How many times have you looked at a beautiful flower bouquet and wondered if there was a way to keep them like that forever? Well, you can’t keep them exactly like that, but there is a pretty good Plan B. I’m going to show you how to preserve flowers in resin.
This project combines dried flowers and epoxy resin into a vase you can use to hold even more flowers. Plus, it makes a great housewarming gift for your besties.
Step 1: Dry the flowers
While this is the easiest step, it will take the longest. Your flowers need to be dry before you include them in resin. If they aren’t, they will rot and change colors. I know because I’ve made this resin mistake. You can see what happened when I used fresh flowers in resin.
How do you dry flowers to preserve in resin?
You’ve got a few options:
Air dry. This method is pretty simple. All you have to do is let the flowers dry down naturally in a vase or box.
Advantage: no expensive drying agent or equipment
Disadvantage: they will lose a lot of color
Parchment paper. Place the flowers between a folded piece of parchment paper. Then, put the flower and paper sandwich between the pages of a heavy book.
Advantage: you only need one big book to dry a lot of flowers at once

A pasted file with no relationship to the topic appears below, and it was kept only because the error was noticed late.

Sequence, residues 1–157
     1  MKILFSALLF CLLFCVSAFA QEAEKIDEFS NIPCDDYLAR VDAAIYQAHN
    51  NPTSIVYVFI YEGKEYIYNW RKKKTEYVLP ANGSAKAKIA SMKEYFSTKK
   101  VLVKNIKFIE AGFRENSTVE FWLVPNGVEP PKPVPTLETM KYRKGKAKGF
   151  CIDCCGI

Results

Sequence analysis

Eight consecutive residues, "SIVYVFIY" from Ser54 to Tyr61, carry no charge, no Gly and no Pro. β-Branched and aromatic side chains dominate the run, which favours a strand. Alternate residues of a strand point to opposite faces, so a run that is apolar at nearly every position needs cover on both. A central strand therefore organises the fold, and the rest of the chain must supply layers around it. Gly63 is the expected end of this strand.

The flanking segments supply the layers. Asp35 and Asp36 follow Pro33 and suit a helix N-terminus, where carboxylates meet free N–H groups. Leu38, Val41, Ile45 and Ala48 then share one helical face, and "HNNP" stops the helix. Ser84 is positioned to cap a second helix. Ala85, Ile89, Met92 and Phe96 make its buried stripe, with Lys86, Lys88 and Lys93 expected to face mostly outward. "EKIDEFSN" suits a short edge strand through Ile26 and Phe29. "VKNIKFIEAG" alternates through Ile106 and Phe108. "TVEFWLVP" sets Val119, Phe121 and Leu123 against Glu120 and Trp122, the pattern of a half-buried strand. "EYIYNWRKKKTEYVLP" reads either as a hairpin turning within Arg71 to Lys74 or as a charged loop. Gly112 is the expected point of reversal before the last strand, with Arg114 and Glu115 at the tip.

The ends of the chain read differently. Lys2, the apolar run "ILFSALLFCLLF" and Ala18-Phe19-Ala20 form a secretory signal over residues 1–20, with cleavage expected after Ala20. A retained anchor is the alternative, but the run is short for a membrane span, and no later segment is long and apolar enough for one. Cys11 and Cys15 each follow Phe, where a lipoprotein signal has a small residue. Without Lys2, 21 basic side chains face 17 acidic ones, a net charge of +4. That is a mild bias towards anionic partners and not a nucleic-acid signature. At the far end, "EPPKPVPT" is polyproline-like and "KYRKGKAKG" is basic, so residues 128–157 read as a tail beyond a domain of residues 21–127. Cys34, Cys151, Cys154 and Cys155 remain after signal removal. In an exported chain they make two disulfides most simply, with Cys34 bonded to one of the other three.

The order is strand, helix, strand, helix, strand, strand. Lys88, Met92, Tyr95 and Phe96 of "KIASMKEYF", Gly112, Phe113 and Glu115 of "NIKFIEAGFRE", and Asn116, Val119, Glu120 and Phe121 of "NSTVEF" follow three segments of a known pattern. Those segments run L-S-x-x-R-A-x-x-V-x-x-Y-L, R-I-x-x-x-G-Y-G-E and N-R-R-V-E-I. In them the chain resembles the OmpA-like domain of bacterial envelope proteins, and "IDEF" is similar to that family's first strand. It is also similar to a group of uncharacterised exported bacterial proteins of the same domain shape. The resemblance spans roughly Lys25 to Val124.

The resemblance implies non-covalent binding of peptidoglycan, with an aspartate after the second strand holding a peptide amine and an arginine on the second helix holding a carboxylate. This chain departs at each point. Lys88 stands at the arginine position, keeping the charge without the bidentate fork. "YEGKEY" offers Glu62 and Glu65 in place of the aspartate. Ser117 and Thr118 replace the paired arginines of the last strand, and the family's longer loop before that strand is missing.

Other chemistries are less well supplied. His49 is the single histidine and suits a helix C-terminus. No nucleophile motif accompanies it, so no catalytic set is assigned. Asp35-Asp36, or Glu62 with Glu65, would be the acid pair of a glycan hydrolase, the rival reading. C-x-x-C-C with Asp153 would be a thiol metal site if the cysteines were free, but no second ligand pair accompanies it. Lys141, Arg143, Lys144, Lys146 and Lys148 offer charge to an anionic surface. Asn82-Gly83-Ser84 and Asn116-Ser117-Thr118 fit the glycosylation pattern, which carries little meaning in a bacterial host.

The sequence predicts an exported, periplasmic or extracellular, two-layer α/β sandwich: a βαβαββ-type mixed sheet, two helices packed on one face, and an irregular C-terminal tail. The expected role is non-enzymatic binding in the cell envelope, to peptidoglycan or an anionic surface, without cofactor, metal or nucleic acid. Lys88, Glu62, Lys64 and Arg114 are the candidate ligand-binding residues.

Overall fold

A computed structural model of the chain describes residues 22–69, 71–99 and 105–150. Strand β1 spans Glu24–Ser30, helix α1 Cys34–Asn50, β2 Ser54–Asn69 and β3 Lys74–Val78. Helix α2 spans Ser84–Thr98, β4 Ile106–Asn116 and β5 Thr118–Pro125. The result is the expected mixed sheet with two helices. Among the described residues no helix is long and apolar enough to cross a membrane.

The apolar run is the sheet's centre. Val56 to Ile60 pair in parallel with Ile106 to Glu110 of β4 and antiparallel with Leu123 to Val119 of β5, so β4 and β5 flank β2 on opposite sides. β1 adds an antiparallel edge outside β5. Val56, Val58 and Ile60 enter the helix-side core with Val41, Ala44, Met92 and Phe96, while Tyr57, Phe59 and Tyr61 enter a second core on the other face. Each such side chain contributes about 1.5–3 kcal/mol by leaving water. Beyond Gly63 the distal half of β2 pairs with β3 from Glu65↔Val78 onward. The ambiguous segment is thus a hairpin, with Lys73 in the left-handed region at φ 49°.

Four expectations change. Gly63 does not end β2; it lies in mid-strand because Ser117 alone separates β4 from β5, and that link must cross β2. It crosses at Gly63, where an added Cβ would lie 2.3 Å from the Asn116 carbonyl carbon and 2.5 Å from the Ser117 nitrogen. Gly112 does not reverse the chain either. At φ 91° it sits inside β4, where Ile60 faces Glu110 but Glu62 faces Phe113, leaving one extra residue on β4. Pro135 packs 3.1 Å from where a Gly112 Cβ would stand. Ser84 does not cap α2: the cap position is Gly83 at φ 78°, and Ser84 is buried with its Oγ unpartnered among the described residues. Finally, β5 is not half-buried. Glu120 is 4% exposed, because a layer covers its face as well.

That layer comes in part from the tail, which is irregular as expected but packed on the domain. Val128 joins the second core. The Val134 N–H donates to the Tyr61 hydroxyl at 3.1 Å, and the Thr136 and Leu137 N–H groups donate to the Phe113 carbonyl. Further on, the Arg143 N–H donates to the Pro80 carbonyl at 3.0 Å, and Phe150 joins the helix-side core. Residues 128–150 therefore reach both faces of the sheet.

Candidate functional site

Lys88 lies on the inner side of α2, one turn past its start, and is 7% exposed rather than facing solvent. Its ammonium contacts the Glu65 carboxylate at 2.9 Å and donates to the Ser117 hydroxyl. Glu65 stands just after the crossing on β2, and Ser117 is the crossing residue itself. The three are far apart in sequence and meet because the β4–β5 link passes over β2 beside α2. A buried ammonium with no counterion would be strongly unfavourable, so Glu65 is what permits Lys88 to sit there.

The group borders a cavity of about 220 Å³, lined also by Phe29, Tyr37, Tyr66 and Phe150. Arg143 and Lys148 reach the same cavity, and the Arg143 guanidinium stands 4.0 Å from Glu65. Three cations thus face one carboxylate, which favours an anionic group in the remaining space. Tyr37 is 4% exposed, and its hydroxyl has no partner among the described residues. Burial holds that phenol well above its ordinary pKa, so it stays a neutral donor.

Disadvantage: flowers dry flat
Silica gel. Put fresh flowers in a sealed container with silica gel desiccant for a few days to a couple of weeks.
Advantage: maintains the 3D shape of the flowers
Disadvantage: you will need space for containers and flower drying agent
Microwave. Depending on the flower, you can dry them in 1 ½ to 3 minutes. There are flower presses specifically for this purpose.
Advantage: the fastest way to dry flowers
Disadvantage: there is a learning curve. You’re going to burn the first few.
💡 Pro tip: If you want to try out a flower press for the microwave, Resin Obsession bestie Amanda of @evertinyforest uses one by microfleur. (Not an affiliate link. Just being the helpful resin mom Amanda calls me. 😉)
I’m using roses and baby’s breath for this project. You can see how I dried the roses in silica sand.
Step 2: Measure the mold
[This step is optional, but if you’re like 99% of the resin crafters I know you hate wasting resin.]
We’ve got oodles of silicone molds for resin to choose from in our store. Maybe you want a pyramid mold. Or perhaps you want a mold shaped like a rock. There isn’t anything specific to know here except to choose a mold that will show off your flowers. I’m using a resin vase mold to preserve the flowers.